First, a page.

Police warn of the risks in taking on criminals.
Split-second instinct kicked in for Mark Andrew last month when he chased the man who swiped his cellphone at a Mall of America coffee shop. As the 63-year-old former Hennepin County commissioner ran after the thief, he was tackled and beaten by two female accomplices.
The beating resulted in the arrests of two teens. Andrew got his phone back after the robber dropped it, but he also suffered multiple abrasions and cuts that required nine stitches.
Andrew responded as many of us would have in similar circumstances. So did the father and son from a large crowd of after-Christmas shoppers who tried to intervene to help the former Minneapolis mayoral candidate.
Without question, the responsibility for any crime lies squarely with the criminal, and Andrew’s assailants deserve the maximum punishment. But in the wake of the high-profile incident, it’s also worth noting that law enforcement officials typically advise civilians to think twice before engaging thugs in these types of cases.
Cellphone thefts are a growing problem nationwide, and thieves have been increasingly violent in some incidents. The Federal Communications Commission reports that nearly one in three U.S. robberies involve phone theft, costing consumers more than $30 billion annually. That’s why it’s essential that cell carriers and manufacturers take steps to make it possible to disable stolen phones.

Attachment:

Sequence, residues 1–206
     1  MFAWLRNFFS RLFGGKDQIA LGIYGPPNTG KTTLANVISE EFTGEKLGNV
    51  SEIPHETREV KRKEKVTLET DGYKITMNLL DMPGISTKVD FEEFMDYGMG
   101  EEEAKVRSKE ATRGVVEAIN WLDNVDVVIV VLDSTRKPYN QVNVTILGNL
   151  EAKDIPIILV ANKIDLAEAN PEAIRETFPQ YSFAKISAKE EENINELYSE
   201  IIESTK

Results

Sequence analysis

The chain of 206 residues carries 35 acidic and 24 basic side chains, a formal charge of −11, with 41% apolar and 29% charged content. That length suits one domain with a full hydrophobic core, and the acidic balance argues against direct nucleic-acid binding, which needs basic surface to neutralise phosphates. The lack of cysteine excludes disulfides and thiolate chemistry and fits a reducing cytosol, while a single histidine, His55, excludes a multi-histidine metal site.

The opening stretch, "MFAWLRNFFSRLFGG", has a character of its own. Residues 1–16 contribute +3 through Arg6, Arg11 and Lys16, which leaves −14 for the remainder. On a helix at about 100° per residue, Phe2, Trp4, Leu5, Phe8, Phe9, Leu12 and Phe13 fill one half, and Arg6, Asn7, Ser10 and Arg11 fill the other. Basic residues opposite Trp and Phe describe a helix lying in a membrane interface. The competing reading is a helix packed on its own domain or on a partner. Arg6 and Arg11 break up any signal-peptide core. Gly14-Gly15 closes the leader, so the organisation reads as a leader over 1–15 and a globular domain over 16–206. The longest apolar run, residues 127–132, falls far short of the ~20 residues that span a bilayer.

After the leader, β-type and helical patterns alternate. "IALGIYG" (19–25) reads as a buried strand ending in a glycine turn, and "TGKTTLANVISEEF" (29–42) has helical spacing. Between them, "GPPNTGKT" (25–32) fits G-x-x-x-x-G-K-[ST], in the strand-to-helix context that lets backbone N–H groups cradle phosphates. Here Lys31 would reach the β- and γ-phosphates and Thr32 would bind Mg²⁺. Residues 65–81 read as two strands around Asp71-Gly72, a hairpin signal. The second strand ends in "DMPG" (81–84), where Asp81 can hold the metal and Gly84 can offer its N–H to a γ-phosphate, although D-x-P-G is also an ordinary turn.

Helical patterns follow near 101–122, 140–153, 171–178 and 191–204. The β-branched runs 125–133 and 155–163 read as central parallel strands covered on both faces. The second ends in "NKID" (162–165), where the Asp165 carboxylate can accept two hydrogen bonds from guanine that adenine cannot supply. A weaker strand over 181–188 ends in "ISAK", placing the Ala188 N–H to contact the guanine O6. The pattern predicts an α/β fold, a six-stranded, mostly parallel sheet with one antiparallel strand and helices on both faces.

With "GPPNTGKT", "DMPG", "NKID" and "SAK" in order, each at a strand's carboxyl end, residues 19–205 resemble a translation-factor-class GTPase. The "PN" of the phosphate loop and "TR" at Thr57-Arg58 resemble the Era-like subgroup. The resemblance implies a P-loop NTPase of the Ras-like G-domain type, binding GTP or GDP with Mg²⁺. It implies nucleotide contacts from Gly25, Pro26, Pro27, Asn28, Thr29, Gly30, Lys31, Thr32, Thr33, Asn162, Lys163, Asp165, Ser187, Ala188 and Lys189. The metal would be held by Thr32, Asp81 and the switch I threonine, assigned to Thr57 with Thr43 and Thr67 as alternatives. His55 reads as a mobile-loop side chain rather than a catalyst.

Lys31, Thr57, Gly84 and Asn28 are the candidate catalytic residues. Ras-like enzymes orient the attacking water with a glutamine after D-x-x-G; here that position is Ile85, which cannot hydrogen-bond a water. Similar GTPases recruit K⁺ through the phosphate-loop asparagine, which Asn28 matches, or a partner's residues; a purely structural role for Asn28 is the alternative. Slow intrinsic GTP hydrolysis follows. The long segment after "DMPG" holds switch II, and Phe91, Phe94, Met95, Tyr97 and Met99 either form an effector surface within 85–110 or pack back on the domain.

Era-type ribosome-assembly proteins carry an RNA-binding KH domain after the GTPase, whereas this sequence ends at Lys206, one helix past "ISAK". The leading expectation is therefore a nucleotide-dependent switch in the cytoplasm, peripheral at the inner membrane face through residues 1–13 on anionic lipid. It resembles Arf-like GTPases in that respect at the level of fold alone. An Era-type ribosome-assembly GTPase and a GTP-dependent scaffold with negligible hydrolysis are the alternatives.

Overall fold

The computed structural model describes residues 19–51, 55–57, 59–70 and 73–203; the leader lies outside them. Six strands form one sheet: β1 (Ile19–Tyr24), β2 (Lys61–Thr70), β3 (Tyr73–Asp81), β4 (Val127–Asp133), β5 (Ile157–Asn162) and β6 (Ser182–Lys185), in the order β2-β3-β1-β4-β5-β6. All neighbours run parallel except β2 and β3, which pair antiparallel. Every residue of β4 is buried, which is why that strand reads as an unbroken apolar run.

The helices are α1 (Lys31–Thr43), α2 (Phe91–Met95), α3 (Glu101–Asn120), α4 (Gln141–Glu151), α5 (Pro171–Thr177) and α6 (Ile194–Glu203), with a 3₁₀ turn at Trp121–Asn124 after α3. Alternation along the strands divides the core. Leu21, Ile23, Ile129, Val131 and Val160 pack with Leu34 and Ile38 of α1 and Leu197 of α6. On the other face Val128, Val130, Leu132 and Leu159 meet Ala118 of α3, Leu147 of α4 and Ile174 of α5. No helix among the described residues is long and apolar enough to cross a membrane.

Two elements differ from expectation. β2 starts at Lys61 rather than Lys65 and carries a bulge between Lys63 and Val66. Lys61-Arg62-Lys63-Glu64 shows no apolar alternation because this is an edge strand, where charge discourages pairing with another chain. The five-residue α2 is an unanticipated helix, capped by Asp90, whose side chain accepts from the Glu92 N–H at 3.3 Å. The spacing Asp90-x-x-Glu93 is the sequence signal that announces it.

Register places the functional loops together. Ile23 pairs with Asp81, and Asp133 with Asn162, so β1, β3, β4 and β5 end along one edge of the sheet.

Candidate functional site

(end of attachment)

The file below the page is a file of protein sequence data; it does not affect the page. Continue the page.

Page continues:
To that end, U.S. Sen. Amy Klobuchar, D-Minn., has asked mobile-phone service companies to provide information that could inform new federal rules on “kill switches’’ and other disabling technologies.
In the meantime, smartphone users need to be aware that they may be targeted by increasingly aggressive thieves — especially if criminals spot cellphone users in public and believe they are vulnerable — and that there are risks in fighting back.
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